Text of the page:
I find Dan's books somehow entertain me in the effortless, direct way a great movie does: I can just sit down and sink into the great story and, and I mean this in the best possible way, I don't really have to think; it's not like reading, it's more like watching a great flick. You kind of just sit back and enjoy the ride - the story just flows into you. I'm always sad to finish them because life seems so mundane afterward.
For fun, if you are open minded and looking for those books begging for its pages to be turned...look no further. I just read a copy of Edgar Fouche's 'Alien Rapture,' which also blew me away. Fouche was a Top Secret Black Program 'insider', whose credibility has been verified over and over. I also really liked Dan Brown's 'Angels and Demons.' Want to be shocked, check out Dr. Paul Hill's 'Unconventional Flying Objects' which NASA tried to ban - and lend credibility to Brown's book and the possibility of NASA and Government cover-ups. Anyway, great stuff.
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on February 22, 2004
Before burning up the bestsellers' list with THE DA VINCI CODE, author Dan Brown released three other novels. ANGELS & DEMONS introduced the recurring hero around whom CODE was based, and another was about advances in digital cryptography. The third was DECEPTION POINT, a bizarre misfire that reads like a weak pastiche of a Michael Crichton thriller. Fans of THE DA VINCI CODE now searching through Brown's backlist for a good read would be wise to steer well clear of this rubbish.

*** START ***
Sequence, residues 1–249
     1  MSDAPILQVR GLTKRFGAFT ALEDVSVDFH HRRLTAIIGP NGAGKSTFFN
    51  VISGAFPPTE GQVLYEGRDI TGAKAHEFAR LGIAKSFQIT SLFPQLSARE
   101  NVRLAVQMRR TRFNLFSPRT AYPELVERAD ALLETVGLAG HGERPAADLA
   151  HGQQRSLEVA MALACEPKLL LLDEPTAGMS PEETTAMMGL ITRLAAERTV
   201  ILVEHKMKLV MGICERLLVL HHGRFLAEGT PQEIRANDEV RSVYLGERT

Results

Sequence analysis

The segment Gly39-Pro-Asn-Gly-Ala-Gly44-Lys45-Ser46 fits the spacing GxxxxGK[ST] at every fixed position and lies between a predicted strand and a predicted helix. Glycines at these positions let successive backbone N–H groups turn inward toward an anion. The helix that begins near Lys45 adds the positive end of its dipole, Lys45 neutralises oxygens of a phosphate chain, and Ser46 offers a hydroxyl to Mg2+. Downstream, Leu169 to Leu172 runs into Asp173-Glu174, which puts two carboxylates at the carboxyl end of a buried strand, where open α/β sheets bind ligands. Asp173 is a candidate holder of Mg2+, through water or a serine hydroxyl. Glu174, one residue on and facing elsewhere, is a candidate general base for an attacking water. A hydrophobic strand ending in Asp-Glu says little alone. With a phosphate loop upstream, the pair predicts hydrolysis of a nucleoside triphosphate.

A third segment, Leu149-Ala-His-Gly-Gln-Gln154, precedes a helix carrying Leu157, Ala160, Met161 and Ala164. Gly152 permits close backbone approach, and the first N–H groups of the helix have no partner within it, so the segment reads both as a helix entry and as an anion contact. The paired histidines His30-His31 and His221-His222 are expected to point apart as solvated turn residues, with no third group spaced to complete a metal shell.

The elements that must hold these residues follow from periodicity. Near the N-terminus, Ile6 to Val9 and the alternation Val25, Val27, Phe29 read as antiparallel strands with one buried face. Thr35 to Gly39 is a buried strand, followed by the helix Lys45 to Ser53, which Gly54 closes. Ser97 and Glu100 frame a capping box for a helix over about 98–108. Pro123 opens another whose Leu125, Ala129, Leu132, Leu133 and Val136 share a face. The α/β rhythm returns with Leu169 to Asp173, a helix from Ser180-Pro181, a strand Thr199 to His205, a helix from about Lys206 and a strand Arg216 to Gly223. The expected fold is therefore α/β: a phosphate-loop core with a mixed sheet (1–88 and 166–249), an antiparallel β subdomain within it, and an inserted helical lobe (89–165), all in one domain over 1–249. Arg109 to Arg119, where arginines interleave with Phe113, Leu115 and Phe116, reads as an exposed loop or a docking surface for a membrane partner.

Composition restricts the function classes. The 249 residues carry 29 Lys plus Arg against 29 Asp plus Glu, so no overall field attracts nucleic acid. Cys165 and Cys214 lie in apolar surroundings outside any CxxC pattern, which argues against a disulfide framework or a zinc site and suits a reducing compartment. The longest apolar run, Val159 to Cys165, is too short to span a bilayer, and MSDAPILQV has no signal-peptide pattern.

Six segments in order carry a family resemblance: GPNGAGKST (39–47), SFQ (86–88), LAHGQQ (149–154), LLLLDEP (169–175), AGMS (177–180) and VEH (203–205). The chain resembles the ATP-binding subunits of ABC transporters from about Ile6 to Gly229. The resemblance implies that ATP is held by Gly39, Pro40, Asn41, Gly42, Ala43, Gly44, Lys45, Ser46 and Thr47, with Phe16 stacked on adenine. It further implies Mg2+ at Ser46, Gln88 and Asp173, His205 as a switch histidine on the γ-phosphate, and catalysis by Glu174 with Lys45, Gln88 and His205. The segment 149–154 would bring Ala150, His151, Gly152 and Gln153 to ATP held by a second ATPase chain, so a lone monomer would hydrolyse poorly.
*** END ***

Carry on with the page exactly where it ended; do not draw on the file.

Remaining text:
DECEPTION POINT takes place in a parallel America with only passing resemblance to the real thing. In this parallel America, the top-rated show on television is a documentary program about Earth's oceans, and a presidential candidate can surge to the top of the polls by publicly bashing NASA's budget overruns. Clearly Brown's more interested in the thrill-a-minute set pieces he's arranged for his characters to endure than in providing an even slightly realistic backdrop.
In the context of a bizarre contest for the Presidency, an incredible discovery is made in the polar ice. Teams of scientists, as well as a purely extraneous character meant to be the protagonist, travel to the Arctic Circle to verify the find. Brown spends the first hundred pages of DECEPTION POINT trying to cast a Michael Crichton-esque spell upon the proceedings, complete with mouthpiece characters spewing reams of expository data. Later, though, when evidence of fraud comes to light, the narrative devolves into a series of action sequences so wildly improbable that they would give Arnold Schwarzenegger pause.